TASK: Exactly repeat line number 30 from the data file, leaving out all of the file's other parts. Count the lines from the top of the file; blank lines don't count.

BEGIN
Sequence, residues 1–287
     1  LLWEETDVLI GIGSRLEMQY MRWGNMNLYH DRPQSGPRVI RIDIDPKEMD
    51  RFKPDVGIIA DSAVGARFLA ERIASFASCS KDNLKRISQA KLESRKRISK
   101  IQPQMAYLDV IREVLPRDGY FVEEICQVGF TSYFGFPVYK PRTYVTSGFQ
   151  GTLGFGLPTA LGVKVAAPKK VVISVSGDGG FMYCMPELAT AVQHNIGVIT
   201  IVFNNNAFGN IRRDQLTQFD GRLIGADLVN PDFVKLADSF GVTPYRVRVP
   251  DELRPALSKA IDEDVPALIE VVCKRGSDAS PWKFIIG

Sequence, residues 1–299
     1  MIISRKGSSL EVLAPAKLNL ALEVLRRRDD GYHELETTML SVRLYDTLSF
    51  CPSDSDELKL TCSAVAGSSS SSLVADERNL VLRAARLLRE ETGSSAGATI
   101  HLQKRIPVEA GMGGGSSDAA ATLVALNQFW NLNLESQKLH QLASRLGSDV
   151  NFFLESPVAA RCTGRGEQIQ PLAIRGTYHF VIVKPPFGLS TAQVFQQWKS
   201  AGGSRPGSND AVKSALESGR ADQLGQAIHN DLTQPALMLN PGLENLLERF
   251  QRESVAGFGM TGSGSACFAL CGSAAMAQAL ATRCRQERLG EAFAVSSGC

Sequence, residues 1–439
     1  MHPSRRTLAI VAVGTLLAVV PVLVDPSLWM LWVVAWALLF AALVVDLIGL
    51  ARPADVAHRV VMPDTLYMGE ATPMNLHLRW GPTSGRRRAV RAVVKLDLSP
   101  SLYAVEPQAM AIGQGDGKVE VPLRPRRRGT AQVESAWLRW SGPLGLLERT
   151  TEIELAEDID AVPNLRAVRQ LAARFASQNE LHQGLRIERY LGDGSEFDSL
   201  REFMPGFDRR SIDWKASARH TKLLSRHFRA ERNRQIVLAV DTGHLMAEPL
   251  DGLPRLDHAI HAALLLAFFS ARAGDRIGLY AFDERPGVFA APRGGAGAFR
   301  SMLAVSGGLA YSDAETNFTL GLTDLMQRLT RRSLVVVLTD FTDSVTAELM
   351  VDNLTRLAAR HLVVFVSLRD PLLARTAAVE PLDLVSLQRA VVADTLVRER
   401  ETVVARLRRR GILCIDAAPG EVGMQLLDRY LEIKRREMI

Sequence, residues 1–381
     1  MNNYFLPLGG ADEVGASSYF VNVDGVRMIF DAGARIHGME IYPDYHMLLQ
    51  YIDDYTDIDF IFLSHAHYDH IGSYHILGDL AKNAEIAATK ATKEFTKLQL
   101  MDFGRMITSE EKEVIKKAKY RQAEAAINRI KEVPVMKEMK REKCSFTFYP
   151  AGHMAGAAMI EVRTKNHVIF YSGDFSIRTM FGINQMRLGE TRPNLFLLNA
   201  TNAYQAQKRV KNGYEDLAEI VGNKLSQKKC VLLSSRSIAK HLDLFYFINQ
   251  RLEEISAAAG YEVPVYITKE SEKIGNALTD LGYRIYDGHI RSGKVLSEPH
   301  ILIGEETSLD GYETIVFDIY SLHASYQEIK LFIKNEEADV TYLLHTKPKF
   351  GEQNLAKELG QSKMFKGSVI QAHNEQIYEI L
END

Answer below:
   201  TNAYQAQKRV KNGYEDLAEI VGNKLSQKKC VLLSSRSIAK HLDLFYFINQ